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According to her, you would not believe the power and influence of the CPRE (Council for the Protection of Rural England). They basically have cornered the media and public debate in the area of planning

Yes our Media only listens to money !

i get my news from the internet as papers and the news are all controled by a few people

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We have more land under the plough than any large European country - we've got plenty of space to build.

Road charging could sort out the infrastructure problem by first taking off the pressure from low value journeys and then rewarding people who built genuinely needed roads. All the talk of infrastructure is just a delaying tactic by nimbys

Road charging is a red herring, do you honestly believe that all those people queued up on Britains roads each morning and evening are doing it for fun?.

They are undertaking essential journeys to the world of work to keep their heads above water.

We most certainly do not have a more land under the plough, and what we do have should be kept as such.

Easy for people to forget we are an island nation, but the fact is we just do not know what is the future. We must always keep our ability to independently provide food for the nation we just do not know what is around the corner.

With regard to immigration, for sure it has played a part in price inflation however I am not suggesting it is the only factor indeed certainly not the primary factor. However if you dont have the resources and cannot provide homes for your own people then you have no business openening the doors to the worlds homeless populations. Charity begins at home!!!.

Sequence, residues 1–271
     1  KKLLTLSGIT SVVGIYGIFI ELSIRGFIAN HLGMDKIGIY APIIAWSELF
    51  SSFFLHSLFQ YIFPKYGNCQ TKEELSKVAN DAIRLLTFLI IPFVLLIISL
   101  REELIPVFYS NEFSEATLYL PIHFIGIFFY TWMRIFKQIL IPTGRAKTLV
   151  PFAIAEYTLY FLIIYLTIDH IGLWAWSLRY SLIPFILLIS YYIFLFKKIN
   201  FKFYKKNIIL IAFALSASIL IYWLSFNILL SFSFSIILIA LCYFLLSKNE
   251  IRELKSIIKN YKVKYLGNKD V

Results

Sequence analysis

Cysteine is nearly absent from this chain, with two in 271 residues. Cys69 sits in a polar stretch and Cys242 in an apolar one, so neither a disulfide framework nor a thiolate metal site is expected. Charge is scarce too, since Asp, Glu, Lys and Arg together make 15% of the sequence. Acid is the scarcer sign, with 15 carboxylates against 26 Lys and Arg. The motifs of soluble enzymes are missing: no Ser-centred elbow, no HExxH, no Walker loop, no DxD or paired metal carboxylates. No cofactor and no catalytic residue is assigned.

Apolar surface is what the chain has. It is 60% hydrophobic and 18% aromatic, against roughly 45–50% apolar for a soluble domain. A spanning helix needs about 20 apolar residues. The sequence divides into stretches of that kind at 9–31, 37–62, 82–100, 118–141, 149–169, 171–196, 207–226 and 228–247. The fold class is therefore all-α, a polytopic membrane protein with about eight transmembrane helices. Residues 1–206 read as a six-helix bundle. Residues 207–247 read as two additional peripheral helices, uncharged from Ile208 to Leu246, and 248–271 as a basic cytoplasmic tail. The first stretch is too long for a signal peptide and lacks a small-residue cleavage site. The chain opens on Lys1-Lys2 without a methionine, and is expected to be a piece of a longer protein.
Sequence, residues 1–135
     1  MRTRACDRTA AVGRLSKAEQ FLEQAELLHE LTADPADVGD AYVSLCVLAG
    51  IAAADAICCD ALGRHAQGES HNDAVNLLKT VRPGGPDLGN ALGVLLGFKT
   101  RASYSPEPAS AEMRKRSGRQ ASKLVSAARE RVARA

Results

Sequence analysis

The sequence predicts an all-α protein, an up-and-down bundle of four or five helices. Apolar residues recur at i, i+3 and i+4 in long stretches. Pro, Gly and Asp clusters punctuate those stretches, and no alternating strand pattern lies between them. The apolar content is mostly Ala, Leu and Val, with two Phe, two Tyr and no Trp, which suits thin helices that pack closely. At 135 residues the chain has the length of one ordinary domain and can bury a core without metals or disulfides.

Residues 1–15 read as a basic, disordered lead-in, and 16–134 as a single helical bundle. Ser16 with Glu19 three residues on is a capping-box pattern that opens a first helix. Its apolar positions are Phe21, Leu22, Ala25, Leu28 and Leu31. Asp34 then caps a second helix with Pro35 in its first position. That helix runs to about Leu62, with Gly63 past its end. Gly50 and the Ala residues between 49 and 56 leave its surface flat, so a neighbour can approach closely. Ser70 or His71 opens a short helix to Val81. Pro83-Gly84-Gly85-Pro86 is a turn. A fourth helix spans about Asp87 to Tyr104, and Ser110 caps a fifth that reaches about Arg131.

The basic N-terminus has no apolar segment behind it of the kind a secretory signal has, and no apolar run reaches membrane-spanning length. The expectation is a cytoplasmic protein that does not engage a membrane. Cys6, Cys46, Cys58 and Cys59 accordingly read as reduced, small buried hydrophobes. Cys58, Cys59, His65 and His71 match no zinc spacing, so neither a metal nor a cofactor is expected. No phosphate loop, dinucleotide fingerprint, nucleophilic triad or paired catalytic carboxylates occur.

My main point is that no matter how many homes you build, there will never ever be enough as the entire population is entitled to settle in the UK by default.

I'm afraid its nothing to do with NIMBY its to do with plain common sense. We do not have the resources to supply the current population, water is predicted to be a very scarce resource very soon, as is waste disposal. We should be more conservative with what we have and understand that wholesale building on land anywhere is neither feasible nor beneficial to the long term future of the UK

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Guest Bart of Darkness

One future is that the UK becomes a Manchester-to-London strip-conurbation megacity over the long term.

Drokk it Durch, does that mean I'm going to be an Eldster on Stookie or end my days in a Resyk?

Maybe I should buy a Mo-Pad and live in the Cursed Earth (Lancashire).

Grud on a Greenie!

Judge_Dredd.jpg

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Road charging is a red herring, do you honestly believe that all those people queued up on Britains roads each morning and evening are doing it for fun?.

They are undertaking essential journeys to the world of work to keep their heads above water.

and taking fat kids 1/2 mile to school.

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I was wondering what number our Megacity would be?

The architect Will Alsop has proposed a megacity from London to Birmingham which he has named the "Diagonale" pronounced with an italian affectation as "Dee-ag-o-nar-lay"

This would be full of his trademark blobism which at least would be trivial to demolish in twenty or so years time when the new fashion for "landmarks" and "icons" will have passed. (He has laudable objectives, involving local communities in his work, and has built some good buildings but I fear what will happen if he becomes too influential).

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  • 333 Brexit, House prices and Summer 2020

    1. 1. Including the effects Brexit, where do you think average UK house prices will be relative to now in June 2020?


      • down 5% +
      • down 2.5%
      • Even
      • up 2.5%
      • up 5%